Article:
So what’s all this withdrawing? Is this another side to Jesus? Is this the “gentle Jesus, meek and mild” of children’s lullabies? Continue reading “Face or flee? What Jesus did with conflict (Matthew 12:14-21)”

The message of Jesus’ miracles (Matthew 12:9-13)

Why did Jesus do miracles? Was he trying to tell us he was God? Or was there another message he wanted us to hear?

Open Matthew 12:9-13.

Why did Jesus do miracles? Was he showing off his divinity? That’s what many people think, but it’s not what the Gospel writers say.

Sure, Jesus was God-with-us (Matthew 1:23), but the incarnation meant God laying aside his divine powers to live as a true human. The miracles are not evidence of his uniqueness; they are the practical expressions of a human being appointed by God and functioning under divine authority.

If the miracles were just God showing off during his human phase, imagine what he might have got up to during the first 30 years of his life! That mindset did fuel some pretty bizarre speculation in the centuries after Christ: Continue reading “The message of Jesus’ miracles (Matthew 12:9-13)”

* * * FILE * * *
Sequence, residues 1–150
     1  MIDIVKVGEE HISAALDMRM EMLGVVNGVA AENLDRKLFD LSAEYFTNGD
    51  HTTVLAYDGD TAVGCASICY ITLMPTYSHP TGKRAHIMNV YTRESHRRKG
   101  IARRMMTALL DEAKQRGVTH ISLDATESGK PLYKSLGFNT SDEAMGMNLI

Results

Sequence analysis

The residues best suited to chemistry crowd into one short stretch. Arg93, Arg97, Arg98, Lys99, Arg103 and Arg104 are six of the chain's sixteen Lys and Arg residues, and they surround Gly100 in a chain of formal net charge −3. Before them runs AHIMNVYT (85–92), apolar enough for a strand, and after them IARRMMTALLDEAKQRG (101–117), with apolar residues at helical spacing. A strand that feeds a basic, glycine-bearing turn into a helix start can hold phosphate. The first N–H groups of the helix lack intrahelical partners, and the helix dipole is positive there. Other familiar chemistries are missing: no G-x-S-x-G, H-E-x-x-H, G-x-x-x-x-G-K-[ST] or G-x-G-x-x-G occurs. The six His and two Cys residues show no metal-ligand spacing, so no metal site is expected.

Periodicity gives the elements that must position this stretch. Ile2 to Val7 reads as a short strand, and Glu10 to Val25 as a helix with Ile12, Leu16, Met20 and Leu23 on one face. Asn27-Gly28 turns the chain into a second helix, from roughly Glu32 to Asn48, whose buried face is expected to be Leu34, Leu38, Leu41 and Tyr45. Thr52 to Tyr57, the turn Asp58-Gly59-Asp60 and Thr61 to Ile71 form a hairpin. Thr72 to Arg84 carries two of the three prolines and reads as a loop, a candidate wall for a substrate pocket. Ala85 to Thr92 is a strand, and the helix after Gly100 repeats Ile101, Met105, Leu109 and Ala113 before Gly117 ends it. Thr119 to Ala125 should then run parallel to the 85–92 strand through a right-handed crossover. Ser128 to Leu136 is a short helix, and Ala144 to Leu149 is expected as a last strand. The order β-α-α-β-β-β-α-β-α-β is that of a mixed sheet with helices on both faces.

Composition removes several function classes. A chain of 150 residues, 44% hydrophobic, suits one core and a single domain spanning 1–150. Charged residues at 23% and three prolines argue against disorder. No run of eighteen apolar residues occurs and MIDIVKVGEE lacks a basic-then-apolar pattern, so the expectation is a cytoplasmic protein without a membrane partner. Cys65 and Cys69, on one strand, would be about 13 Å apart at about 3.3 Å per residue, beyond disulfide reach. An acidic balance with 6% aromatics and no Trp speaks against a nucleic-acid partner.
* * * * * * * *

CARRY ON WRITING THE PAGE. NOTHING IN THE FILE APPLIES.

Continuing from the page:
Giving God’s world rest (Matthew 12:8)

Ever wondered how peace can be restored to earth?

Open Matthew 12:8.

A couple of centuries before Jesus, Israel was under Greek rulers who demanded they give up their distinctives and blend in with the empire. They launched an attack on a Saturday, forcing zealous Jews to choose whether they would give up their Sabbath and fight. They refused, running for the hills and hiding in caves. It was a massacre.

The Jewish leaders changed their minds: “So they made this decision that day: ‘Let us fight against anyone who comes to attack us on the Sabbath day; let us not all die as our kindred died in their hiding places’” (1 Maccabees 2:41).

200 years later, Israel still didn’t have a king to make that kind of decision and lead them in their battles. Then Jesus rose to fame in Galilee, claiming to be the Lord’s anointed, talking about restoring God’s kingdom. Continue reading “Giving God’s world rest (Matthew 12:8)”